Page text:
Hygge and me

Hey readers!

If you’ve been reading popsugar or any other lifestyle blogs you may have some familiarity with the term hygge, also known as koselig in Norwegian. It roughly translates to cozy in English and it alludes to a cozy feeling and minimalist lifestyle adopted by northern European cultures.

woman with blanketThere have been many books published in an attempt to demystify the concept over the last few years, and I had the pleasure of experiencing this in my own way on my honeymoon in Amsterdam. The key concepts are comfortable living and familiarity. So, comfortable clothes, drinking tea around a fireplace, knitting or reading or binge watching a tv show with your best friend, definitely fall in the category of Hygge, but so does going for a hike with friends, exploring your city, and going to a nice dinner when both the food and the price are comfortable. Throughout our honeymoon, my husband and I took the time to experience each day at our own pace, and enjoyed evenings tucked in bed watching movies and drinking tea. We watched the sun set over Amsterdam, surrounded by candle light, and sipping sweet red vermouth. Even just walking through fields of tulips and exploring the cities at our leisure counted as the Hygge lifestyle.

Hygge is all about experiencing your best life, allowing yourself to have that second Bonfirepiece of cake or the big marshmallows in your cocoa. It’s about spending time with family and friends who make your heart feel 3 size bigger. Hygge isn’t just relegated to the cooler months; it is a lifestyle after all. Some ways people incorporate Hygge into their sunny day lives are picnics, bonfires, and outdoor movie nights. You don’t have to purchase anything extra to live the Hygge life, you probably already have everything you need: candles or soft light, soft, warm sweaters, warm beverages, quiet hobbies like books and knitting, friends to spend time with, and a city to explore. You may not have fireplace, but a space heater or even the fireplace screens for PlayStation or on YouTube with the heat turned up have satisfied me in the past. You can always find fuzzy blankets for cheap if you’re not feeling quiet cozy enough.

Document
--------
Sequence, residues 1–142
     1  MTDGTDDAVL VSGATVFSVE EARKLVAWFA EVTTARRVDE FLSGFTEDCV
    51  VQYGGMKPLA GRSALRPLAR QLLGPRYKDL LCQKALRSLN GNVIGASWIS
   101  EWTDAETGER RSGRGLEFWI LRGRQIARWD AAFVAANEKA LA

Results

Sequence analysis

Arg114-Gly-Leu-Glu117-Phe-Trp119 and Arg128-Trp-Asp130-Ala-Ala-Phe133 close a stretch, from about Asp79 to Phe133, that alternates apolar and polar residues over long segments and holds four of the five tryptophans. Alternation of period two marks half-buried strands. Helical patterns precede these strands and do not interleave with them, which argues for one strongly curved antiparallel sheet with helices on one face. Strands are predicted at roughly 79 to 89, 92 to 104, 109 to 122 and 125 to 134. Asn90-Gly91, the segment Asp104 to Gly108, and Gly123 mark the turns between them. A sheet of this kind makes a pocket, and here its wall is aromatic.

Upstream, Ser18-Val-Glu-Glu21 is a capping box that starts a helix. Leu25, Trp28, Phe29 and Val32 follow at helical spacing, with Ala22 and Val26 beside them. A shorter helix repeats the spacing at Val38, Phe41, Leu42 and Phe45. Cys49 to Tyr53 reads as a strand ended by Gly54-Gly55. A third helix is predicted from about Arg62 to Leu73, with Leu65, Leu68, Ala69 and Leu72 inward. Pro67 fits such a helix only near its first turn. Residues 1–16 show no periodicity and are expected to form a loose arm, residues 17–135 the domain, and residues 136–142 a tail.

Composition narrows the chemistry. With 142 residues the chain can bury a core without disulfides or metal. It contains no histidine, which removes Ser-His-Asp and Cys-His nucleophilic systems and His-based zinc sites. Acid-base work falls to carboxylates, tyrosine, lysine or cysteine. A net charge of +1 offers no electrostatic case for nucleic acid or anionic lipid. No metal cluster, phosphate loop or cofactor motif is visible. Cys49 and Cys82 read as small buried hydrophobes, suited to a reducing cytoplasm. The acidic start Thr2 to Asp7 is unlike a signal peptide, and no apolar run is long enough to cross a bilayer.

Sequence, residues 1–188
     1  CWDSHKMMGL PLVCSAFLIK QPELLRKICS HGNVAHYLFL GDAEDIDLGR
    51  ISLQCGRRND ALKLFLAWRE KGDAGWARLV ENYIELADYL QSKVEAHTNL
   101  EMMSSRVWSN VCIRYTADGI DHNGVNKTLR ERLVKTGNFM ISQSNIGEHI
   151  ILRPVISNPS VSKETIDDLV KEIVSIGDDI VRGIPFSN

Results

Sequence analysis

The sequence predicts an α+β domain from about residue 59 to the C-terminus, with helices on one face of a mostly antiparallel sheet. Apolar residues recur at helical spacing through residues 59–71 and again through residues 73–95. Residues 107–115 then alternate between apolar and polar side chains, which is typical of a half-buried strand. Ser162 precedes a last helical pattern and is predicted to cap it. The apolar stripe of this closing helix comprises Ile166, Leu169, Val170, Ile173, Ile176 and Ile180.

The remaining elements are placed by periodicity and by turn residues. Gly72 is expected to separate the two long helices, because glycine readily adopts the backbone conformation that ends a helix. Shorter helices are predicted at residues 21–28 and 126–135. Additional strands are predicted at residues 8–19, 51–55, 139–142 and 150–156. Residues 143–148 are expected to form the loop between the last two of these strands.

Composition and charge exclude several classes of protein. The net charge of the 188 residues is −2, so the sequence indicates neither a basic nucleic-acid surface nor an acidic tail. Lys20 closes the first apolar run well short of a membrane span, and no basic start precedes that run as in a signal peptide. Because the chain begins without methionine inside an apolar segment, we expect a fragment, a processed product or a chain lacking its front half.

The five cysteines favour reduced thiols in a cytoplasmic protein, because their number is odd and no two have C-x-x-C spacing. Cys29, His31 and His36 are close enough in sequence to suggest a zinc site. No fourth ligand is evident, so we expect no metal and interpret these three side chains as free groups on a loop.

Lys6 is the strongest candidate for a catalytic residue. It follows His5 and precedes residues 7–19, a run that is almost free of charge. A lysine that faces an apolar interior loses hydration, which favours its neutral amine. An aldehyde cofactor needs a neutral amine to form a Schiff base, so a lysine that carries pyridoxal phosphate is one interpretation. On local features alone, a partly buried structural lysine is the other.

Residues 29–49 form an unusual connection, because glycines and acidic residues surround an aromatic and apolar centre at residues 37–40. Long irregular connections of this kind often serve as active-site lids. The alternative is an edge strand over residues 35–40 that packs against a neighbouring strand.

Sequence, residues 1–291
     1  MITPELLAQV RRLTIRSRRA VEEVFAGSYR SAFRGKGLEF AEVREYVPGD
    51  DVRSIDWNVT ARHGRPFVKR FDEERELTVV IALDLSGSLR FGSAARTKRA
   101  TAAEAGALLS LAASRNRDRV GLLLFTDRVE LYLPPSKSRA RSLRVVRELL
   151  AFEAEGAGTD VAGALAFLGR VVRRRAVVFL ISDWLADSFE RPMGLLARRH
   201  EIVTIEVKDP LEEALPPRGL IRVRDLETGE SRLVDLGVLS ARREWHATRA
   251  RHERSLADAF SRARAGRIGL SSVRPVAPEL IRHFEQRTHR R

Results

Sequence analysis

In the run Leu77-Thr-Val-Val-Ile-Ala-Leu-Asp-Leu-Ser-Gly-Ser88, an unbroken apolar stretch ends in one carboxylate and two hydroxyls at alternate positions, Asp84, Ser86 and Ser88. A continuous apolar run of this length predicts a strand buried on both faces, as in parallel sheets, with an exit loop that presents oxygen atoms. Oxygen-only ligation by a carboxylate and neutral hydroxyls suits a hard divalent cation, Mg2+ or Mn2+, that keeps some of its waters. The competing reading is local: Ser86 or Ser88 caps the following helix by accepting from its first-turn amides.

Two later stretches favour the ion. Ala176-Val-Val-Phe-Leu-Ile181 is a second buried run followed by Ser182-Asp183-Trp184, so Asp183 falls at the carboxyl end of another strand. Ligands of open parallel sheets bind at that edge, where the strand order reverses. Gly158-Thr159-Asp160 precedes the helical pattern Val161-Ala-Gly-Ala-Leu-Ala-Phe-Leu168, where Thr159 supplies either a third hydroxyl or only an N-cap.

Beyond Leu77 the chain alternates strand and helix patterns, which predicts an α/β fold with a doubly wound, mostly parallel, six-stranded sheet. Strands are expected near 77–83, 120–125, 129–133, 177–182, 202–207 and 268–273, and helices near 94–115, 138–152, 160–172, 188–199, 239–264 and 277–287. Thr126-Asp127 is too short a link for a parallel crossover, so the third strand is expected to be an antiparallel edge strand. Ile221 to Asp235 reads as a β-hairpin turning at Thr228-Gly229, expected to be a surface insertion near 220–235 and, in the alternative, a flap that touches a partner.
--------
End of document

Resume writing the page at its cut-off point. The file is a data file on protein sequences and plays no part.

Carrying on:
snow cityThis time of year really does seem like the perfect time to embrace this lifestyle: gift experiences instead of things, and take plenty of time to decorate your Christmas tree or decorate for Hanukkah. These twinkling fairy lights and the social activities they encourage embody the soul of Hygge. Scarves, blanket shawls, bulky sweaters and furry boots translate the lifestyle into a fashion statement that you can wear while exploring your own winter wonderland and checking out the decorations of your neighborhood.

I’ve read articles questioning whether Hygge is the next Marie Condo movement or the opposite of it. While Hygge is definitely about quality over quantity it’s also more about experiences than things. You can practice Hygge without the blankets and hand knitted stockings. You can practice minimalism without purchasing anything (in fact that is ideal), but they do share a few key concepts. Primarily, they share the idea of doing and having what makes you truly happy, a concept we are familiar with here at Cherries, Chocolate and Dirt.

What other questions do you have about hygge? Have you tried other “lifestyle” trends similar to Hygge like Lagom? What did you think? What do you like about this over other ideas or vice versa. Would you like more posts about the hygge life? I love hearing from you, so please comment below or email me at cherrieschocolateanddirt@gmail.com.